April 9, 2014
By Jim Moore
The new aircraft’s empty weight is just a shade over 5,000 pounds, painstakingly reduced gram by gram to its finished form. The takeoff weight will be just a little higher: add the pilot, food and drink for up to five days, and that's about it—there’s no fuel on board.
Solar Impulse 2, successor to Solar Impulse, the solar-powered aircraft that traversed the United States in 2013, was unveiled to the world April 9 with fanfare and flair in an event broadcast live online from Switzerland, where the revolutionary aircraft—the brainchild of pilots André Borschberg and Bertrand Piccard—was built.
The new version is larger, more sophisticated, and capable (the pilots and engineers hope) of circumnavigating the globe in 2015, a mission that will include nonstop ocean crossings lasting five days or more that will test both the mettle of the men in the cockpit, and the carbon fiber skeleton and skin of the aircraft. Solar Impulse 2 is the product of a 12-year design effort, including many updates and refinements to the original Solar Impulse, which served as a prototype and test bed for the cutting-edge technologies required to drive an aircraft around the world powered exclusively by the sun.
Borschberg, the Solar Impulse CEO and a former fighter pilot, said the improvements were needed to make circumnavigation a practical possibility.
“We didn’t want to spend too much time taking swimming lessons, so we really had to work on the reliability of the airplane,” Borschberg said during the unveiling.
More than 80 engineers (and many more sponsors and companies) have collaborated to increase the performance of Solar Impulse 2, making it more robust and able to handle the weather that the pilots are likely to encounter. Their design objectives were in conflict, Borschberg noted: increasing performance, strength, and reliability required increased weight, while increased weight would decrease performance. A number of technological innovations were achieved, including development of a carbon fiber skin that weighs 25 grams per square meter, about one-third the weight of typical office paper. A sophisticated autopilot system was developed, a “virtual copilot” able to wake a sleeping pilot if a situation develops that requires human intervention, particularly useful during ocean crossings that will last 120 hours or more.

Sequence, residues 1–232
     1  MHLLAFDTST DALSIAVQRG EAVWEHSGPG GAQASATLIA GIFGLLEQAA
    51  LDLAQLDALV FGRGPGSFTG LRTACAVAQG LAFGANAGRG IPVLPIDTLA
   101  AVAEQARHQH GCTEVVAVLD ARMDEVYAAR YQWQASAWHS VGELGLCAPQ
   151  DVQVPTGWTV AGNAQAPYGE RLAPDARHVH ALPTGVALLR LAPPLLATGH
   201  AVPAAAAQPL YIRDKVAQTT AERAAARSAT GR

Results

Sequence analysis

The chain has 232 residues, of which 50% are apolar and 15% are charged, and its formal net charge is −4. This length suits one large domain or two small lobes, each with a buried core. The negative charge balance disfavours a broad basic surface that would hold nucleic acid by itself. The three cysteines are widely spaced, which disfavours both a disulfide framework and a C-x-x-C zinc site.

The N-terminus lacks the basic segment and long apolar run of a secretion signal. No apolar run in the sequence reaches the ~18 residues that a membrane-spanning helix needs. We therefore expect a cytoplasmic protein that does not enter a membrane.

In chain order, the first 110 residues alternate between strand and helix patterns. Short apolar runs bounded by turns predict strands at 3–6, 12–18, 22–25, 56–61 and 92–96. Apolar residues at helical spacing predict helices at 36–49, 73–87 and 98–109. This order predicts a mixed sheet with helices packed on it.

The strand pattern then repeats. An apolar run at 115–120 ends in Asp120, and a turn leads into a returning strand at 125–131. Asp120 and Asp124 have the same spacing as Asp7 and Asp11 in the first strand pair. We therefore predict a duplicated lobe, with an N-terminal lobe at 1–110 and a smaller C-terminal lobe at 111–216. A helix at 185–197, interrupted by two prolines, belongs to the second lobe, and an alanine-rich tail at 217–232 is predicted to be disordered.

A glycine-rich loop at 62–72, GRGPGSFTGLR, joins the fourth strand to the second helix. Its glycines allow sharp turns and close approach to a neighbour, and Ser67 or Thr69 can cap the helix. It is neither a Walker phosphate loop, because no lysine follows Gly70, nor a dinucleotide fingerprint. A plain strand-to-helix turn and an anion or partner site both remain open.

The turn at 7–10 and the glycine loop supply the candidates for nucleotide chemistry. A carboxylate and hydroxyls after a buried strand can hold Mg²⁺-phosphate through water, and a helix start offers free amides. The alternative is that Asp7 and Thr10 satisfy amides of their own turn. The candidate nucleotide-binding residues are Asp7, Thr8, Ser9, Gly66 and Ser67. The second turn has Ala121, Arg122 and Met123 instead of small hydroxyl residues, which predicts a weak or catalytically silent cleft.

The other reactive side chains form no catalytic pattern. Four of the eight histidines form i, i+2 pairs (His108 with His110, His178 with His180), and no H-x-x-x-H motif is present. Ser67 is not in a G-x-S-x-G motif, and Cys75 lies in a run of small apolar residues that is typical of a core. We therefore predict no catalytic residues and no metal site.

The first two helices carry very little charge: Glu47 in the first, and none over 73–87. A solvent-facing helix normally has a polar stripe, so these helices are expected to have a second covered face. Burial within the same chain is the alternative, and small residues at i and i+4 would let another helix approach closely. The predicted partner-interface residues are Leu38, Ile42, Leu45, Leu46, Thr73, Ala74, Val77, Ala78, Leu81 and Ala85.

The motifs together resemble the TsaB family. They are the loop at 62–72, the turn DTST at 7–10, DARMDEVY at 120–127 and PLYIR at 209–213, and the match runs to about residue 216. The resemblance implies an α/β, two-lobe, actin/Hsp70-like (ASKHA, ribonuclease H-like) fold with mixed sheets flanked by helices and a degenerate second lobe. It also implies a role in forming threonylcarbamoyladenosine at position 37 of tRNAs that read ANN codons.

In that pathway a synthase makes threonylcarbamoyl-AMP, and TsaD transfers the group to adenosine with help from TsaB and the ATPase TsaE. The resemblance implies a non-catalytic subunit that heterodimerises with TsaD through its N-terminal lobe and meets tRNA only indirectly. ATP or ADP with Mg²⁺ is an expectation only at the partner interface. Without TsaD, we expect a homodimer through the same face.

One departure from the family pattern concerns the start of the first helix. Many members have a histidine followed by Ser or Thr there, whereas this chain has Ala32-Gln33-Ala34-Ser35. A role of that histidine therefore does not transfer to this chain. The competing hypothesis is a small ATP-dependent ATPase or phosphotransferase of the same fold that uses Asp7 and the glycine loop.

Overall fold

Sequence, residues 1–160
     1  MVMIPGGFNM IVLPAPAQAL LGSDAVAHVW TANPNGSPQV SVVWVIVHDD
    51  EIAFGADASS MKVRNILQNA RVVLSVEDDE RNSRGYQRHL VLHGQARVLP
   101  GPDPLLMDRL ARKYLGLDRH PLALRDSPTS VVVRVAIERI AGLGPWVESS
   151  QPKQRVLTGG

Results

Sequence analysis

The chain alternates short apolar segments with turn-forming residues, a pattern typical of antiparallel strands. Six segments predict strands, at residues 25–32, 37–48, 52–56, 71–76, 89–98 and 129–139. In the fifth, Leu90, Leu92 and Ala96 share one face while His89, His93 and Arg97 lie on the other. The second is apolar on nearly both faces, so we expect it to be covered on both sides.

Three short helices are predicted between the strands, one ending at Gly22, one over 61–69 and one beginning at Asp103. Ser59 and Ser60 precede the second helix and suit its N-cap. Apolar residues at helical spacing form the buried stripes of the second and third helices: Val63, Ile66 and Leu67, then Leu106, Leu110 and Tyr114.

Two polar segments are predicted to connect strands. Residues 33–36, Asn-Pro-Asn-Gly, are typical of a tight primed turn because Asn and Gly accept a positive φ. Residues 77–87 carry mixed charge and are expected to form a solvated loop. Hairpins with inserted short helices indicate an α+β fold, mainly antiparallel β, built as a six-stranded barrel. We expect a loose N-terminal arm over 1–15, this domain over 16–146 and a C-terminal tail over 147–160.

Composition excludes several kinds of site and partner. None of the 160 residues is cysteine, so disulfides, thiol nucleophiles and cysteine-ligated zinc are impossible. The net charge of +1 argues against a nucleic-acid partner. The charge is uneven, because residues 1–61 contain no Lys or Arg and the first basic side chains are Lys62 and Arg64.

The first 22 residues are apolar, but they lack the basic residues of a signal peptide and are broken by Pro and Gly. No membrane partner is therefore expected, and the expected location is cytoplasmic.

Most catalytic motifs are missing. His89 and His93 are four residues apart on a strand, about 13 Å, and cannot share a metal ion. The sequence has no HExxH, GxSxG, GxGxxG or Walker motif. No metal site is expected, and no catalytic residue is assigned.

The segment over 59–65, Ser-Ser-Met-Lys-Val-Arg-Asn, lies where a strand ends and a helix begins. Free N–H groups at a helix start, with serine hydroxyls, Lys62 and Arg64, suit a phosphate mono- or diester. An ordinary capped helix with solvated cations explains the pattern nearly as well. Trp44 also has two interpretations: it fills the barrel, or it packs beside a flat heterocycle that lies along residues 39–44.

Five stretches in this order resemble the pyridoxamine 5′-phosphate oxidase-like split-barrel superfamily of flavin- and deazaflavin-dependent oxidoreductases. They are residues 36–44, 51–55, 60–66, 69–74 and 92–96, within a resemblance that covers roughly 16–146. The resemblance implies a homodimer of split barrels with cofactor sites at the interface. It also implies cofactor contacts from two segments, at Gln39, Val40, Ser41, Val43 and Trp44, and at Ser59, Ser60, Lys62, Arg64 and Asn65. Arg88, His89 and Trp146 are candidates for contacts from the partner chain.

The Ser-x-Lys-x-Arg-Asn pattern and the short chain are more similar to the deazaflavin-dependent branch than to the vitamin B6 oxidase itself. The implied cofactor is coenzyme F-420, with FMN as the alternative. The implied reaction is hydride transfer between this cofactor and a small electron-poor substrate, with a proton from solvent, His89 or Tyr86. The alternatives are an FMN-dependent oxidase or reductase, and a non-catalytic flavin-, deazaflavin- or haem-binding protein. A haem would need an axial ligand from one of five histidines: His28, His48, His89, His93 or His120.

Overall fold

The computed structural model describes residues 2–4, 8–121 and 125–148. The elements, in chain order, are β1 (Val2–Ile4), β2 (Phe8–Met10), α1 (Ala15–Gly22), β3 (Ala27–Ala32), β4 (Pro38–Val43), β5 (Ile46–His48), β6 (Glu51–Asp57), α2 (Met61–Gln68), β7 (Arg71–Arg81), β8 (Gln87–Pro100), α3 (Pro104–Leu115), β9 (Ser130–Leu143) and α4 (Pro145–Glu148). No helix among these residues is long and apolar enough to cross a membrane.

“We had to find people who did not know it was impossible,” Piccard said, reflecting on an effort that began in 2003. “Solar impulse is one example of what we can do when we believe we can achieve the impossible.”
The new and final version of Solar Impulse will still operate within tight limitations: a maximum bank angle of 5 degrees, a takeoff speed of 26 knots, and a maximum cruise altitude of 27,000 feet. Its top speed at that altitude is 77 knots, by day—at night the aircraft will be forced to slow down to 25 knots to avoid depleting its sophisticated batteries before sunrise. At the lower end of its speed range, it is likely the aircraft will spend a significant amount of time flying backward, as the first Solar Impulse did on a flight from Morocco to Spain. The engineering and support team had planned for that, and assured Piccard that he would reach his destination eventually.
“I was a little skeptical in the beginning, but it worked,” Piccard said.
The new aircraft’s cabin is larger, affording room for a more comfortable seat, and, Piccard noted with a wry smile, more room for shark repellent and a life raft. Neither promised their five-month circumnavigation planned to launch in March 2015, will be successful.
“It’s an attempt,” said Piccard, who was in 1999 the first to circumnavigate nonstop in a balloon. “It’s difficult.”
Borschberg said the new aircraft’s first flight is planned in May. Both pilots have spent time in simulations, getting used to the confinement and isolation of spending days on end in a cockpit with little room to spare. The pilots employ techniques including self-hypnosis and meditation to retain their focus and extend their endurance.
“It’s not the easiest way to fly around the world, but it’s probably the most spectacular way we can achieve today,” Piccard said.
AOPA Online Associate Editor Jim Moore joined AOPA in 2011 and is an instrument-rated private pilot who enjoys competition aerobatics.
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